TOM: What’s going to make your final decision? What do you want from a school?
STEPHEN: I want to see how I’m used in the offense mainly. Most of the schools I’m looking at have good business schools, which is important. My main thing is how valuable I am to them. I want to be a big part, and I know I can make a difference.
TOM: Where does Michigan rank right now? Do you have a top 5?
STEPHEN: If there was a top, I’d say Michigan’s tied with Texas A&M. I don’t want to say too much, but I haven’t even seen them yet, and they’re definitely up there. I’m excited to see everything up there.
Um, Michigan offered a random 5'9" guy from Texas named Tony Drake and Drake duly committed. He's probably a corner or a slot. Informative update coming.
Dallas Morning News; Drake is #5
(Not Particularly) Informative Update: Okay, Drake is definitely a running back/slot sort according to his Rivals video, which I took the unusual (for me) step of actually watching because there's very little information available on who this guy is outside of some brief mentions in game recaps. I guess we'll go with the format, but it's going to be silly-lookin' and sparse:
Whee: Drake isn't ranked by anyone yet, except this guy at "Vype," who ranked Drake… uh… #13 in the Dallas-Fort Worth area:
13. Tony Drake, Skyline The Raiders are in a situation where they are producing multiple Division I recruits each season, and Drake will be another. He only rushed for 300 yards last season, but remember again like White, he had limited opportunities because Skyline has so many talented skill players. Drake is another back with 4.4 speed.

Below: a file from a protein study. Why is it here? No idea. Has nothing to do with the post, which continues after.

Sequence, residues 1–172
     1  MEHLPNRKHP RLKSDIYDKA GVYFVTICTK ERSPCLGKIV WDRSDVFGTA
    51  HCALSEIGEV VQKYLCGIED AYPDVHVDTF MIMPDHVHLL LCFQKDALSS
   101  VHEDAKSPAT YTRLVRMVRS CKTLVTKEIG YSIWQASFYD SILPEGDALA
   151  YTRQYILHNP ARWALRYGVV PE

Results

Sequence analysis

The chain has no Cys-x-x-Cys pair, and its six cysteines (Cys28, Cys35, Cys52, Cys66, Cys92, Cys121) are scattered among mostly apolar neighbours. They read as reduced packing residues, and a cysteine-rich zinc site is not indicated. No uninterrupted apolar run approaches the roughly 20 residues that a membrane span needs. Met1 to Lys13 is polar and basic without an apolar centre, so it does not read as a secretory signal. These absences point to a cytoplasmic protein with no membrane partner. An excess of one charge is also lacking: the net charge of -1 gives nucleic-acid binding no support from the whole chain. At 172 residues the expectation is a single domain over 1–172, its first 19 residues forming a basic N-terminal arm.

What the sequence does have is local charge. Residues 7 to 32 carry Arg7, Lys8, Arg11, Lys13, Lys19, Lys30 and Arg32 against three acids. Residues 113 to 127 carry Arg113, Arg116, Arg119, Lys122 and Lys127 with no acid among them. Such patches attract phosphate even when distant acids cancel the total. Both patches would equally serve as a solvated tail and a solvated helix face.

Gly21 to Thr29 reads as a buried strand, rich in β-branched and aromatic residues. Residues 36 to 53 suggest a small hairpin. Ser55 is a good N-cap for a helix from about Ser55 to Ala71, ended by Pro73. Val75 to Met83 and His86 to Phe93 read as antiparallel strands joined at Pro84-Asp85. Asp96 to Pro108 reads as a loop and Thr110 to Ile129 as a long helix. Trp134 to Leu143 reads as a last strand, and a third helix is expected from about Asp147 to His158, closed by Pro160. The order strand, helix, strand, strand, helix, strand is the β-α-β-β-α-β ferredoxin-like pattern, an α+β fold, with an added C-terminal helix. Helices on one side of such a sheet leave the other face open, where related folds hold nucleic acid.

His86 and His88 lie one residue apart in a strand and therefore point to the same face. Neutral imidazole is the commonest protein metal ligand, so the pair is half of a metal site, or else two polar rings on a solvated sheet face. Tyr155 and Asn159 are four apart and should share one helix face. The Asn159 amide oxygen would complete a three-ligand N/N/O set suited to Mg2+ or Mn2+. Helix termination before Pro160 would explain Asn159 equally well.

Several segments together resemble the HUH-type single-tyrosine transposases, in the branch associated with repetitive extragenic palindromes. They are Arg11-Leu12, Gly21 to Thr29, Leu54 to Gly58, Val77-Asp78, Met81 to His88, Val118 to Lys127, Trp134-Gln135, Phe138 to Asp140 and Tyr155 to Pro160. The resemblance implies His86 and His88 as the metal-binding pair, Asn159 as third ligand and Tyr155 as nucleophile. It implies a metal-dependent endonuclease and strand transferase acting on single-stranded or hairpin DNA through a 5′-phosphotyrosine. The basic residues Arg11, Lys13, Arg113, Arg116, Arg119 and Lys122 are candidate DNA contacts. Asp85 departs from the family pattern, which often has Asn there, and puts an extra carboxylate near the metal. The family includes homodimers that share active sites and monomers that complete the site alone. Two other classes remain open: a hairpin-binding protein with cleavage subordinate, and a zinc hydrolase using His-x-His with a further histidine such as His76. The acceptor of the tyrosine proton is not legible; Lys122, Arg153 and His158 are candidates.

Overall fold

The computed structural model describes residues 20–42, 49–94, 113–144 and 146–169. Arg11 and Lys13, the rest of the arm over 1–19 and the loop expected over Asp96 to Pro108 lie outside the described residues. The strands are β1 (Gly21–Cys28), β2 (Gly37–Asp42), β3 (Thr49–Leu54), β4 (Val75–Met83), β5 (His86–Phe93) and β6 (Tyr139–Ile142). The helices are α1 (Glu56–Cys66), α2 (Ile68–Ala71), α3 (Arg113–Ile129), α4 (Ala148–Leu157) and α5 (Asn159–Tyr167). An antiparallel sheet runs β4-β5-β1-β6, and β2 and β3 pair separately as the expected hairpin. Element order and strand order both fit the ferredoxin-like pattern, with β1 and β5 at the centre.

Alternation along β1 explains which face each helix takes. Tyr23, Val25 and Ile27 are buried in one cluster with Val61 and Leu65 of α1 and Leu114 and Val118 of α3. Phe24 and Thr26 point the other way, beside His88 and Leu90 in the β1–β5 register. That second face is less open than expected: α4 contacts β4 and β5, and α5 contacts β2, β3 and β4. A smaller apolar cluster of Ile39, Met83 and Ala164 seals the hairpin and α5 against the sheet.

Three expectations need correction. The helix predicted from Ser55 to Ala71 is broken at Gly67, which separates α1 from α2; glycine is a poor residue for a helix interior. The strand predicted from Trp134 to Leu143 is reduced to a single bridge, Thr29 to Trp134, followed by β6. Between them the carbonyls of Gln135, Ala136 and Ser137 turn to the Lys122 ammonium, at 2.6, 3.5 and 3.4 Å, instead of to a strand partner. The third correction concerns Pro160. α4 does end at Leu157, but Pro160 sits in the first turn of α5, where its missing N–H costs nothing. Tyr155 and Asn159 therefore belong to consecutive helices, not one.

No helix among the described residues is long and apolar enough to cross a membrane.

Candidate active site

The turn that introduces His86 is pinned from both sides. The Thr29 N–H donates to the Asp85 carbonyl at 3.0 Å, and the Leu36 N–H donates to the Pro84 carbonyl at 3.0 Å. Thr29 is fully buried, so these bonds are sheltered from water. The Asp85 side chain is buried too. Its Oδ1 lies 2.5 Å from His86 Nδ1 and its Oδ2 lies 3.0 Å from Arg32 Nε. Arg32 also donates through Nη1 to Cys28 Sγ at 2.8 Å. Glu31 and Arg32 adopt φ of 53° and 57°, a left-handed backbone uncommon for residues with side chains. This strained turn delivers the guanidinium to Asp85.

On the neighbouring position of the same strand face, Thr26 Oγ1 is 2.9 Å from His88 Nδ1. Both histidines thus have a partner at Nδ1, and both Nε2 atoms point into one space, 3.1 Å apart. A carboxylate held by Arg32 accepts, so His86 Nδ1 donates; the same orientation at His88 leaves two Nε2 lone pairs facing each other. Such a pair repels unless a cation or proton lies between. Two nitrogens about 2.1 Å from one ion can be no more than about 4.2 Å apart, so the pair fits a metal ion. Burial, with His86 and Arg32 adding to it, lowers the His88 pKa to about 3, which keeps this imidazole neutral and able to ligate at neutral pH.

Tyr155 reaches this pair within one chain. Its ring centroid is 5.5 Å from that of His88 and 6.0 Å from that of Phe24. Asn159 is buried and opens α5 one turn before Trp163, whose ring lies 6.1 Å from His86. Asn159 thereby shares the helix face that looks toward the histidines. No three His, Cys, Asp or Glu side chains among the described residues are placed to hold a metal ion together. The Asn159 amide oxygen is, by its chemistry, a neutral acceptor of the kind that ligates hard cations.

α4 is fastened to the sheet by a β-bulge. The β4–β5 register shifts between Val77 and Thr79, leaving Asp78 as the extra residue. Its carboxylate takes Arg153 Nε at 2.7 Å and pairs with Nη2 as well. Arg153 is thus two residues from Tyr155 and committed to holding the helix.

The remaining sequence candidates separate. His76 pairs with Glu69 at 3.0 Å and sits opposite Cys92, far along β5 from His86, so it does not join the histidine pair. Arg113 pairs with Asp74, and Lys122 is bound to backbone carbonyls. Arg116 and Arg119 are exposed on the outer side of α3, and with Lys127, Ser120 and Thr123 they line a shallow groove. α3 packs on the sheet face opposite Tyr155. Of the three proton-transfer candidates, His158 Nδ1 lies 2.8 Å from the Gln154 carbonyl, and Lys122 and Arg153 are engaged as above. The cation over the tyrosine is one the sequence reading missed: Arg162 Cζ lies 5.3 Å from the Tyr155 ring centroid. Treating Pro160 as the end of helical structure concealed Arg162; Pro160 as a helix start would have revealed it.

But that's regardless of class, so… yeah, might be like the fourth or fifth best back in Dallas this year. Jim Stefani has him the #175 receiver nationally.
Michigan was his first.
See above: stuck behind two seniors at Dallas powerhouse Skyline, Drake saw limited time and only acquired around 300 yards.
FAKE 40 TIME
See above: 4.4. Fake!
PREDICTION BASED ON FLIMSY EVIDENCE
The flimsy evidence here is even flimsier than normal, so take the following with a grain of salt.
Michigan has offered the junior backup of a talented senior again—this is a virtual replay of the Teric Jones recruitment—and are taking chance on the sparse playing time Drake acquired last year being representative of his talent. This is a risk. Given the lack of attention so far and the spots in which Drake shows up when someone does notice him, he's a mortal lock for three stars unless he has a crazy Terrance Robinson senior year.
I did watch the video, though, and the good news is that Skyline basically runs Michigan's offense. If you're going to make an offer based on just film it's nice if you don't have to make a lot of assumptions. Here there are none: the coaches have seen Drake do exactly what they'll ask him to do. They unearthed Slaton and Reynaud and so forth and so on and this is one of those positions at which Michigan can take a guy others might not get a lot of use out of and turn him into a pain-dealing jet engine.
I'm much less bothered about random three star running backs like Drake and Vincent Smith than I am about linebackers and defensive backs who don't have an unusual system to dominate in. If Michigan's staff gets leeway in their recruiting at one spot, it's tailback. They've earned it.
UPSHOT FOR THE REST OF THE CLASS
There's a certain genre of recruit that is going to play a running back/slot hybrid like Dorrell Jalloh or Darius Reynaud at WVU, and Drake will be one of those guys. With three running backs graduating this year there's still plenty of room for others to come in, though they'll probably be larger angry moose sorts.